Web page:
People who worked to overcome infectious diseases

In 1877, 1879 and 1886, there were cholera pandemics in Japan. The bacteriologist KITASATO Shibasaburo privately founded the first institute for infectious disease (which later became the Imperial Institute of Infectious Disease) and endeavored to conquer cholera, dysentery, tuberculosis and more. The serum therapy he established during his studies in Germany was highly respected worldwide and helped formed the basis for current vaccines and antibody drugs. In 1914, he left his position as director of the Imperial Institute of Infectious Disease, and founded a new private institute, the Kitasato Institute. In 1917, he also founded the Keio University School of Medicine, with which he established the basis of Japanese medicine from the Meiji era to the Taisho era.

People who supported KITASATO included NAGAYO Sensai, an acquaintance of his from their student days, and FUKUZAWA Yukichi, the founder of Keio University, who spent his private funds for the Institute for Infectious Disease. Later, an industrialist, MORIMURA Ichizaemon, supported KITASATO as well. Furthermore, SANO Tsunetami, the first president of Dai-Nihon Shiritsu Eisei-kai (the Japan Private Hygiene Association) provided support for the institute through the Eisei-kai, which helped the institution in its management and so on, in order to develop a research environment.

There were other supporters for KITASATO: ISHIGURO Tadanori, who was Army Surgeon General, and HASEGAWA Tai, who was a doctor of Nagaoka Domain at the end of the Edo period. Ishiguro, when he was a deputy chief of the Hygiene Bureau of the Ministry of Home Affairs, helped KITASATO while he was studying in Germany. HASEGAWA, who was a member of the House of Representatives, also made a great effort to obtain subsidies from the Japanese government to support the establishment of the institute and for research costs in 1893. KITASATO’s Institute of Infectious Disease became the foundation for bacteriologic study and preventing infectious disease in Japan, thanks to economic and political support from many people.

In addition to KITASATO, there were other people who dedicated their lives to overcoming infectious disease. One of them was NOGUCHI Hideyo, who is famous due to many biographies and his portrait being on the thousand yen note. NOGUCHI did not graduate from medical school due to his economic background, but he studied medicine, English, French and German independently and became a doctor. He entered the Kitasato Institute and started to study bacteriology, but then transferred to the quarantine section of the Ministry of Home Affairs. There he experienced quarantining the plague in Yokohama, and the plague pandemic in South Manchuria as part of the International Sanitary Board. In 1900, he went to the United States and entered the Rockefeller Institute for Medical Research , where he was quite active on the frontline of the fight against bacteria. His achievements were brilliant: studying venomous snakes, cultivating a pure culture of syphilitic spirochete in 1911, identifying the spirochete in general paralytic brains at post-mortem in 1913, and more. But he had difficulty fighting against the yellow fever virus, and he died as he contracted yellow fever himself while studying it in Africa in 1928.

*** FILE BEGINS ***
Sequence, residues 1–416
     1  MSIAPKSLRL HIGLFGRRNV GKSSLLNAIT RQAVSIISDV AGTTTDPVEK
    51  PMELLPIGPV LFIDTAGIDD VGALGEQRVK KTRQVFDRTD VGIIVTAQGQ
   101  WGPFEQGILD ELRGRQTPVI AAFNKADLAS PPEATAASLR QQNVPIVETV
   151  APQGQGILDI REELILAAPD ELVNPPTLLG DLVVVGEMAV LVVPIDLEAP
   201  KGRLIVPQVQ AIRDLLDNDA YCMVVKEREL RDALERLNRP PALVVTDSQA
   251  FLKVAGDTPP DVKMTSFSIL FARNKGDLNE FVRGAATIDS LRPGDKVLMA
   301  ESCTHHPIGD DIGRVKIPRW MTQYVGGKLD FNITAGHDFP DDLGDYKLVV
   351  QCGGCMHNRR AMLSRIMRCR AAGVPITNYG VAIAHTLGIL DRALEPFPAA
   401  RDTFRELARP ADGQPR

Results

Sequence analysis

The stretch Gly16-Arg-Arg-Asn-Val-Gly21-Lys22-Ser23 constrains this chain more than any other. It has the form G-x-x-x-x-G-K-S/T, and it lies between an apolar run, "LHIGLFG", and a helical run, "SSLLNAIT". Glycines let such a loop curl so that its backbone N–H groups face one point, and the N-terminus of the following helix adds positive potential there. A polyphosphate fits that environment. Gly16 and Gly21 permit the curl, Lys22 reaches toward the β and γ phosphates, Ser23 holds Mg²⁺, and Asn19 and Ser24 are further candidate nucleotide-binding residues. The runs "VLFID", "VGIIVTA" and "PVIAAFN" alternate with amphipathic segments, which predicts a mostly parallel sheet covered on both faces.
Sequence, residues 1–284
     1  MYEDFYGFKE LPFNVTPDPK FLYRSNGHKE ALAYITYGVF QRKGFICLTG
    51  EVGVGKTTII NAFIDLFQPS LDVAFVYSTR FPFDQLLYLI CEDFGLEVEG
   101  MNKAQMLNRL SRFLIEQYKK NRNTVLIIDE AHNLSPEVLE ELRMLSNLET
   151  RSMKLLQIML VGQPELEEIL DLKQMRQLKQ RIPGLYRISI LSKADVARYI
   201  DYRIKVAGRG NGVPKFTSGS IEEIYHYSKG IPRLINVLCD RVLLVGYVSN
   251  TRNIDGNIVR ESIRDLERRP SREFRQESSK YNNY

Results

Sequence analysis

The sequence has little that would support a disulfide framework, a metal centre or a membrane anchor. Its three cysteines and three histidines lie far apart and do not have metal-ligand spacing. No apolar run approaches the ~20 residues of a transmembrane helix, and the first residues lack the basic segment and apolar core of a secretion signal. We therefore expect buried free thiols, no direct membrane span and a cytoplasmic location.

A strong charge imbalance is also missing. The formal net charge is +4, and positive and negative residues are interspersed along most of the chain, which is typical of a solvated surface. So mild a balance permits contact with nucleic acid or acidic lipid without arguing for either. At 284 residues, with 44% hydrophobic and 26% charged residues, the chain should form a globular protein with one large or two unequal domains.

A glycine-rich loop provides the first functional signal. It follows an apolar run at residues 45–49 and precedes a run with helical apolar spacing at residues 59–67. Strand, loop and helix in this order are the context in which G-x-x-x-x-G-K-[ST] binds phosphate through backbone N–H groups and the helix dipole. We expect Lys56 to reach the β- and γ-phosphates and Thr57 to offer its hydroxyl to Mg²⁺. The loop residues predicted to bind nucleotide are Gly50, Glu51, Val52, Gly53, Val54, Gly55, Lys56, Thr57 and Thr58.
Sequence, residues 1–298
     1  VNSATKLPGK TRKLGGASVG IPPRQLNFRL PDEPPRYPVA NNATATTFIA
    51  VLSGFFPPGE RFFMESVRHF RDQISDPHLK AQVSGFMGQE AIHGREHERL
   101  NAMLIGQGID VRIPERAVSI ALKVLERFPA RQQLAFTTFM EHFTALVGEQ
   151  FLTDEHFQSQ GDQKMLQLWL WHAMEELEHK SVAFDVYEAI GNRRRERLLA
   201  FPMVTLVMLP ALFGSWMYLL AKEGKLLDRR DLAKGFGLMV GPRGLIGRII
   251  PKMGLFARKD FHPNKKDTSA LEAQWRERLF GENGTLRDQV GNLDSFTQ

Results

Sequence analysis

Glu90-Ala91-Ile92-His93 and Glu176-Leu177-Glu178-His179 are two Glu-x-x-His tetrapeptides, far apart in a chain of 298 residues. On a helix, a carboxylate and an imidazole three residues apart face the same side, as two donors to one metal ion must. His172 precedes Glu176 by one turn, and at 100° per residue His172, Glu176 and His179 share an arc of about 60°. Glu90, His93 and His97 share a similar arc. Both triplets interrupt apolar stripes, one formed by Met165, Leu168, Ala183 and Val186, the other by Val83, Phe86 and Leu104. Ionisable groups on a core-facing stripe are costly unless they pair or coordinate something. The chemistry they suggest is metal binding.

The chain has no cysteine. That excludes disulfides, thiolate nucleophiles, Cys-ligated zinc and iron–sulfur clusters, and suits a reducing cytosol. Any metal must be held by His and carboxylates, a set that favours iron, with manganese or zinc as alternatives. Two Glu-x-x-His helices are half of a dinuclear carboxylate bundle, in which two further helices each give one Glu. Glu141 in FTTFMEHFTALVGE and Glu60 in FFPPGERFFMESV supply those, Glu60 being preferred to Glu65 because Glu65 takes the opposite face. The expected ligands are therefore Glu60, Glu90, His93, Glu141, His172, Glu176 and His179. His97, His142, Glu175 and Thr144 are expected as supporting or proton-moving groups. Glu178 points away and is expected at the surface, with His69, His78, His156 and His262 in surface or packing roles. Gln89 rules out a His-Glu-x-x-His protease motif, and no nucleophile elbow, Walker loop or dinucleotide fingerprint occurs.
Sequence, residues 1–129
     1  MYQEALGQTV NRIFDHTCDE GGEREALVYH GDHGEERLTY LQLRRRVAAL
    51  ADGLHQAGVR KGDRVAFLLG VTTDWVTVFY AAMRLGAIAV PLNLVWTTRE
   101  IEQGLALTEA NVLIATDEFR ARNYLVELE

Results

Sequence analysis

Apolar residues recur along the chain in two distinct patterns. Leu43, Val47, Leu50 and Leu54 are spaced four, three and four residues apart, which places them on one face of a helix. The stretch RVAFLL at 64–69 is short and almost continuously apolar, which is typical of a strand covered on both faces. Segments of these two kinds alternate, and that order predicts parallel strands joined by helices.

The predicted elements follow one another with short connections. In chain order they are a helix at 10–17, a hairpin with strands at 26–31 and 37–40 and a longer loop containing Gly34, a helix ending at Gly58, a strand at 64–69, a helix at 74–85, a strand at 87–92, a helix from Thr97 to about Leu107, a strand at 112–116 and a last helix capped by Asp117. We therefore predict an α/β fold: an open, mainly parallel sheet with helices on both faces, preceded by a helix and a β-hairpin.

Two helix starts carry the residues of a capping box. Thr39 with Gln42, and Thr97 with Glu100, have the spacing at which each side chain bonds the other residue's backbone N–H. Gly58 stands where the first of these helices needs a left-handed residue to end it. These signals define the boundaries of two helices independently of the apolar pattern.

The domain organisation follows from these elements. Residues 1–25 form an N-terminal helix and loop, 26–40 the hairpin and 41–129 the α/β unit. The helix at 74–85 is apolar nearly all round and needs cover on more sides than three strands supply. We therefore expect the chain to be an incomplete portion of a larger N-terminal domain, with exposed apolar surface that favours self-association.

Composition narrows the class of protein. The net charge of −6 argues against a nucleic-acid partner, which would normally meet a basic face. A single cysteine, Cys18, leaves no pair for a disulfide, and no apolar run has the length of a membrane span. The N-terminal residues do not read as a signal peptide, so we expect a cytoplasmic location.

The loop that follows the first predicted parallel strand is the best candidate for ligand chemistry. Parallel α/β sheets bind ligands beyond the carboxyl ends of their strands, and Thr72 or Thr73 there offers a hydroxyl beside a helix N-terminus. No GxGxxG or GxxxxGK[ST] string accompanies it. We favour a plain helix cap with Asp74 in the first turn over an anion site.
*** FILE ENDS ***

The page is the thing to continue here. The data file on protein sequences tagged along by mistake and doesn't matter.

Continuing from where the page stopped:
SHIGA Kiyoshi also studied bacteriology and immunology in the Kitasato Institute for Infectious Disease. SHIGA found the dysentery bacillus (Shigella) that causes bacillary dysentery, a digestive infectious disease. This bacillus produces a toxin called verotoxin (Shiga toxin) in its body, which is currently known as a toxin produced by intestinal hemorrhagic Escherichia coli, O-157.

In addition to the people introduced in this page, many people have tackled bacteriologic study in medicine since the Meiji era. The fight against infectious diseases has achieved progress, but it is still a continuing fight against new infectious disease.


    • Home
    • Featured
    • People who worked to overcome infectious diseases
    About This Site